By Christopher Crow, MD, MBA
Every six months, leaders and physicians in the Catalyst Health Network—independent physicians all—get together to talk over what’s going on in our network and in health care generally. They’re great meetings. I always leave fired up about our work and I think my fellow physicians do, too.
These convenings are especially encouraging at this time when there is so much pressure on physicians to join big hospital systems and affiliated medical groups. Such mergers are driving health care economics in Texas and across the country — and they’re creating big problems for patients, physicians, and communities.more
By Tom Banning
Momentum continues to grow for value-based payment initiatives and other alternative payment models to fee for service. According to a report from the Health Care Payment Learning and Action Network, 34% of all U.S. health care payments in 2017 were tied to the value of care delivered, up from 23% in 2015.
The Centers for Medicare and Medicaid Services has led the charge toward value-based payment models, through various programs that design, pilot, and reward providers’ participation in them–pay for performance, Medicare Shared Savings ACOs, bundled payments, etc. Additionally, Medicare Advantage participation continues to grow and flourish. Commercial insurers are also beginning to aggressively drive payment models away from fee for service toward total cost of care, capitation, and value-based payments through exclusive provider or narrow networks.more
Private practice: Are we approaching the end of the road?
By Rebecca Hart, MD
Is private practice obsolete? Can it be saved, and if so, who will save it?
Such questions dog many of our colleagues in family medicine. We struggle to keep small businesses thriving amid ever-increasing administrative hassles and expenses. All the while, disruptive new market entrants threaten to upend the mores and norms we’ve always known.more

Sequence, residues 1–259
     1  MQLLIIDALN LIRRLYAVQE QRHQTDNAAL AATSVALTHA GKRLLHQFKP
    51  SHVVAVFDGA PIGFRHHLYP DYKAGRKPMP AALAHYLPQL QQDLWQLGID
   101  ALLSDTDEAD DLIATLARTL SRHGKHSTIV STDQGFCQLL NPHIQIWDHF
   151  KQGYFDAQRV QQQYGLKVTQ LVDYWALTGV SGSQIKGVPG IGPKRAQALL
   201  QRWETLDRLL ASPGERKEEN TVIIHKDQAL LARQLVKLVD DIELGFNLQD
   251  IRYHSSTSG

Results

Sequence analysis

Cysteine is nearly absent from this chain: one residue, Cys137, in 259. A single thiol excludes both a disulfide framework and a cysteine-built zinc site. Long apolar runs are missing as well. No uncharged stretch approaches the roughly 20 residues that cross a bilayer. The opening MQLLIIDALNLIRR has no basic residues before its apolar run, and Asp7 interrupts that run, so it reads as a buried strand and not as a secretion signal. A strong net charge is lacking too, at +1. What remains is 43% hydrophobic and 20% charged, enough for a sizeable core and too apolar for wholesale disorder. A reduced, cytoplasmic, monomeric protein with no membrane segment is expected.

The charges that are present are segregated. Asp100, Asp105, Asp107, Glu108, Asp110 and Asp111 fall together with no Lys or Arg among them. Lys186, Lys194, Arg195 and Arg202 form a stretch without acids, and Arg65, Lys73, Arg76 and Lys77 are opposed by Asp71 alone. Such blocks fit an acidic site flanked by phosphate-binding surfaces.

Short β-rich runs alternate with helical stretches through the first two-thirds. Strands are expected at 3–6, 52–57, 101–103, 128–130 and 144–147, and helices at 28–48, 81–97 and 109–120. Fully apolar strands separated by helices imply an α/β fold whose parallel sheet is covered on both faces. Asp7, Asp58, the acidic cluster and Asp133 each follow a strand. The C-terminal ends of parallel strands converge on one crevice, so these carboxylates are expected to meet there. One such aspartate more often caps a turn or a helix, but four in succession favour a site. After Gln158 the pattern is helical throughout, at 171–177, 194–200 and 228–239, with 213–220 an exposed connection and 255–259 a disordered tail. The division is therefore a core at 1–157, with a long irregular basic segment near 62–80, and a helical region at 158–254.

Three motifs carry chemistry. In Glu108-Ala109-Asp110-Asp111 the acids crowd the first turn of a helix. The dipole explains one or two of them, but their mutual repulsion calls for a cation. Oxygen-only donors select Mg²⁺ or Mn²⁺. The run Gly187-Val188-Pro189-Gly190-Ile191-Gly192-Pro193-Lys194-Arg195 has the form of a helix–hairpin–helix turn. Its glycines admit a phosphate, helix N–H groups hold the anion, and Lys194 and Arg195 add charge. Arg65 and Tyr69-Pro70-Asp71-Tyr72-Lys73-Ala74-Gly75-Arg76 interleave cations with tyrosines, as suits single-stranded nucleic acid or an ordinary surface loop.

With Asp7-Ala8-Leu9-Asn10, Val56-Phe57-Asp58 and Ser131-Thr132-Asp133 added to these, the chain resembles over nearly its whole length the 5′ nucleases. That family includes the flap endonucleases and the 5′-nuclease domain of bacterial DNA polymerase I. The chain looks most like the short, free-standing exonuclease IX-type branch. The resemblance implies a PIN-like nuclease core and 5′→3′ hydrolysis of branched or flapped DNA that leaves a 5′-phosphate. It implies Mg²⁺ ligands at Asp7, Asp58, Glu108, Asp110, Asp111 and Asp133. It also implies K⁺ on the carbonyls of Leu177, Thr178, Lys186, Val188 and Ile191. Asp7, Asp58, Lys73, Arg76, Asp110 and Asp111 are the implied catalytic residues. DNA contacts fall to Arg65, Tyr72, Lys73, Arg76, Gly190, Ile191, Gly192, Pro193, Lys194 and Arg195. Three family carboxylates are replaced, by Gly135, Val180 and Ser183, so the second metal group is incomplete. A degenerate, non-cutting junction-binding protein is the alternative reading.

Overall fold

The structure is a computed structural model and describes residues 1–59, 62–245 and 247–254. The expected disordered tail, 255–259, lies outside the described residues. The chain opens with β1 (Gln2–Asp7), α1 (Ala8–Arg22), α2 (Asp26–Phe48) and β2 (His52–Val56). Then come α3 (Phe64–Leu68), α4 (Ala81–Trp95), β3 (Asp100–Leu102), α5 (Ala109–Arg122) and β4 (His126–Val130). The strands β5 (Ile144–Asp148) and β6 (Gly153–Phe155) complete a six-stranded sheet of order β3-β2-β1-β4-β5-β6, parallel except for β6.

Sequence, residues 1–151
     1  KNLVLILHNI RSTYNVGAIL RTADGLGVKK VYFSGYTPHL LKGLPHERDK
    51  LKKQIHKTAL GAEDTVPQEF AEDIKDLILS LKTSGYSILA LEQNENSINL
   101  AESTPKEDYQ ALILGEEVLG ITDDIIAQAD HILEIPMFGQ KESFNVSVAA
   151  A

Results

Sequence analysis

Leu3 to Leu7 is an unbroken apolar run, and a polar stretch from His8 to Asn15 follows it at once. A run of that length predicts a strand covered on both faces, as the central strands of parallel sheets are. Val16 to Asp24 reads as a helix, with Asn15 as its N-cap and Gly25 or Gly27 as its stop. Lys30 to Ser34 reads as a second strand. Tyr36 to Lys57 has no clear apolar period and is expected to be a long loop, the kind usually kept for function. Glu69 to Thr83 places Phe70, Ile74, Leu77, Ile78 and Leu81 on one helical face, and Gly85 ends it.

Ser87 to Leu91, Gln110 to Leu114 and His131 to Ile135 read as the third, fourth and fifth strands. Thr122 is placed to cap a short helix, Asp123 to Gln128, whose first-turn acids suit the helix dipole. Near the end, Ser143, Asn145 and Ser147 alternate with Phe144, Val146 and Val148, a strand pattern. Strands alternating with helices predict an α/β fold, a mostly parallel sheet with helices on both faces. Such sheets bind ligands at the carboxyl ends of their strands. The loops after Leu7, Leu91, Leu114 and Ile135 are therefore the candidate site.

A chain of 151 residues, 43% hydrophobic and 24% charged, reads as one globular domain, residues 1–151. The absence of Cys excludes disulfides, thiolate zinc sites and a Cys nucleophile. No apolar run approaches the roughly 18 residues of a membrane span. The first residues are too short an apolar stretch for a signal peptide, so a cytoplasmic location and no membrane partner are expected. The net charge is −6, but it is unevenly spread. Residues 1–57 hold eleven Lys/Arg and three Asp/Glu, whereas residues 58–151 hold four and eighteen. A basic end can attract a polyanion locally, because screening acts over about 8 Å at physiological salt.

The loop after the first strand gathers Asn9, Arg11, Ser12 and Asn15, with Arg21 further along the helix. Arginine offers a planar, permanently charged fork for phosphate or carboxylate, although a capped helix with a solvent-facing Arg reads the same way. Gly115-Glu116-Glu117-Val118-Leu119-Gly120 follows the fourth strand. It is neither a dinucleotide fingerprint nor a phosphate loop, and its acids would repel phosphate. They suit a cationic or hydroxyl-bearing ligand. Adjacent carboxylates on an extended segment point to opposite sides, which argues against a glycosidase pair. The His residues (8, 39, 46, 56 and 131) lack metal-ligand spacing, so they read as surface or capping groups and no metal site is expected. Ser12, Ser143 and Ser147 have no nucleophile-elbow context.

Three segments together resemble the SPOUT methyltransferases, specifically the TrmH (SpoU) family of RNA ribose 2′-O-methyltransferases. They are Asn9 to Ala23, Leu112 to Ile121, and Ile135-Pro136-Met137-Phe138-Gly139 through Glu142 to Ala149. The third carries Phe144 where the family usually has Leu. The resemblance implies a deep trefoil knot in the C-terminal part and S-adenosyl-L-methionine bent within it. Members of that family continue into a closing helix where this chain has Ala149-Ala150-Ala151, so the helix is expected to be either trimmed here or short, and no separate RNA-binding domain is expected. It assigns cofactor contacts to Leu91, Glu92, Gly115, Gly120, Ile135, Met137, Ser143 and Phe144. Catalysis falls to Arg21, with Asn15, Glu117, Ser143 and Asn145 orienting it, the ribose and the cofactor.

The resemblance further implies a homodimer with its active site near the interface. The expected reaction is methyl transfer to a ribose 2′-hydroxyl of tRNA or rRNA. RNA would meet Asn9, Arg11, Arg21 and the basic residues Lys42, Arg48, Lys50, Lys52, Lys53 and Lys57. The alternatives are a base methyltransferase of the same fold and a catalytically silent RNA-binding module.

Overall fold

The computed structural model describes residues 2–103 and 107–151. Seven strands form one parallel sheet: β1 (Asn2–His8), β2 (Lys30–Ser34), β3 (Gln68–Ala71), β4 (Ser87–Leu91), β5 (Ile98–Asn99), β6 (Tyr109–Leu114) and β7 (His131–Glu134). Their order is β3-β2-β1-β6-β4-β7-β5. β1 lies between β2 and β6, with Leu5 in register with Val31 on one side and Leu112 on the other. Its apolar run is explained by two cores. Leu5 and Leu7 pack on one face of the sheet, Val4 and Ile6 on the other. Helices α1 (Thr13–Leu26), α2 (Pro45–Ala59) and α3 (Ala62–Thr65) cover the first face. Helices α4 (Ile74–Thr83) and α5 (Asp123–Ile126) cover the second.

Each year, AAFP holds the National Conference of Constituency Leaders and Annual Chapter Leader Forum together in Kansas City, Missouri. NCCL representatives and ACLF attendees from across the nation gather to discuss various issues, suggest policies and programs to AAFP, and receive leadership training. In 2020, the conferences will be held April 23-25 and TAFP is looking for members to serve on the delegation or apply for scholarships to attend.
TAFP opportunities for NCCL
Spots are available for 10 TAFP members to represent each of the five constituencies: new physicians (physicians who have been out of residency for seven years or fewer), women, minorities, international medical graduates, and LGBT physicians. TAFP reimburses up to $1,200 for expenses for each of the five delegate and five alternate delegates. In addition, TAFP offers two other opportunities to attend NCCL with funding. These scholarships will be awarded to one third-year resident and one minority physician.
Interested? Please send a current curriculum vitae and a statement of intent to Jonathan Nelson at email@example.com by Friday, Dec. 20, 2019. Be sure to let him know which constituency or constituencies you would like to represent.more
Academy launches Behavioral Health Integration Toolkit
The judges’ tallies are in and we have three winners in TAFP’s first-ever Behavioral Health Integration Innovators Competition. In May, the Academy put out a call to primary care practices asking them to submit their unique models of behavioral health integration for the chance to win $10,000. Entries were judged by the TAFP Behavioral Health Task Force, which was appointed after the Academy identified the need for greater integration of behavioral health services in primary care as a top priority in its strategic plan.
The judges selected winners in each of three care settings: academic health centers, integrated health systems, and solo and small group practices. The winners are the Memorial Family Medicine Residency Program of Sugar Land in the academic setting category, the Heart of Texas Community Health Center of Waco in the integrated health systems category, and the Hope Clinic of McKinney in the small group and solo practice category.more
By TMA Staff